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I wrote the code like this

import smtplib

Then it raised an error like

error: [Errno 10061] No connection could be made because the target machine actively refused it

I am new to SMTP, can you tell what exactly the problem is?

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What operating system are you using? What SMTP server? – rjmunro Jun 9 '10 at 8:05

It sounds like SMTP is not set up on the computer you are trying this from. Try using your ISP's mail server (often something like or make sure you have an SMTP server installed locally.

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Rather than trying to install smtp library locally, you can setup a simple smtp server on a console.

Do this:

python -m smtpd -n -c DebuggingServer localhost:1025

And all mails will be printed to the console.

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If you do this you'll have to supply the port to connect to too. import smtplib server=smtplib.SMTP('localhost',1025) – John La Rooy Jun 9 '10 at 8:37

To send e-mail using the Python SMTP module you need to somehow obtain the name of a valid mail exchanger (MX). That's either a local hub or smart relay of your own or you can query DNS for the public MX records for each target host/domain name.

This requirement is glossed over in the docs. It's a horrible omission in Python's standard libraries is that they don't provide an easy way to query DNS for an MX record. (There are rather nice third party Python DNS libraries such as DNSPython and PyDNS with extensive support for way more DNS than you need for anything related to e-mail).

In general you're probably better off using a list of hubs or relays from your own network (or ISP). This is because your efforts to send mail directly to the published MX hosts may otherwise run afoul of various attempts to fight spam. (For example it frequently won't be possible from wireless networks in coffee shops, hotels, and across common household cable and DSL connections; most of those address ranges are listed in various databases as potential sorts of spam). In that case you could store and/or retrieve the names/address of your local mail hubs (or smart relays) through any means you like. It could be a .cfg file (ConfigParser), or through an LDAP or SQL query or even (gasp!) hard-coded into your scripts.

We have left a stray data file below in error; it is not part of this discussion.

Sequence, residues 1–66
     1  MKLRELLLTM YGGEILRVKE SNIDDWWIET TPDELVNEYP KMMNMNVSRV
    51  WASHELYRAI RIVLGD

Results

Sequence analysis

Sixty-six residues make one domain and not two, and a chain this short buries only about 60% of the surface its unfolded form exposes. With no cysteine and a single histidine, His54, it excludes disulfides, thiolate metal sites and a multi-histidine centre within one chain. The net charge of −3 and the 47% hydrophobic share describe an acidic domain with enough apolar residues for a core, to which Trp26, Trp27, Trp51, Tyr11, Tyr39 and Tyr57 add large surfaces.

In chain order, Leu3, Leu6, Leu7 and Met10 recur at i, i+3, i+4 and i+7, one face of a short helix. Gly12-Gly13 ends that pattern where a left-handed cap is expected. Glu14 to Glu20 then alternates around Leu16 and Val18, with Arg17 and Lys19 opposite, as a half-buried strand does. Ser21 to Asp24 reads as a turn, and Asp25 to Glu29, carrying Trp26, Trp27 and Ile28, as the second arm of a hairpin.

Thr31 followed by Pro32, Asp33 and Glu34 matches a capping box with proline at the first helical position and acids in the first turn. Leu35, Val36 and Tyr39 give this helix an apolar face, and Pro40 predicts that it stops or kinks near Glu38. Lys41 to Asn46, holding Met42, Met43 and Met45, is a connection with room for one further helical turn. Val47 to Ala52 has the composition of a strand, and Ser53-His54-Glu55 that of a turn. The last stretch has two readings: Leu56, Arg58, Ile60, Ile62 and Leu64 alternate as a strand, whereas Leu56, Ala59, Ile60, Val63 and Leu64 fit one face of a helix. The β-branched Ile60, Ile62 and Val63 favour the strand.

If, however, your code is intended to run on a suitable network (for example in a colo, or a data center) then you'll have to do your own MX resolution. You could install one of the aforementioned PyPI packages. If you need to limit yourself to the standard libraries then you might be able to rely on the commonly available dig utility that's included with most installations of Linux, MacOS X, Solaris, FreeBSD and other fine operating systems.

In that case you'd call a command like dig +short mx | awk '{print $NF}' through subprocess.Popen() which can be done with this rather ugly one-liner:

mxers = subprocess.Popen("dig +short %s mx | awk '{print $NF}'"
                         % target_domain, stdout=subprocess.PIPE,

Then you can attempt to make an SMTP connection to each of the resulting hostnames in turn. (This is fine so long as your "target_domain" value is adequately sanitized; don't pass untrusted data through Popen() with shell=True).

The safer version looks even hairier:

mxers = subprocess.Popen(["dig", "+short", target_domain, "mx"], 

... where the slice/stride at the end is replacing the call to awk and thus obviating the need for shell=True

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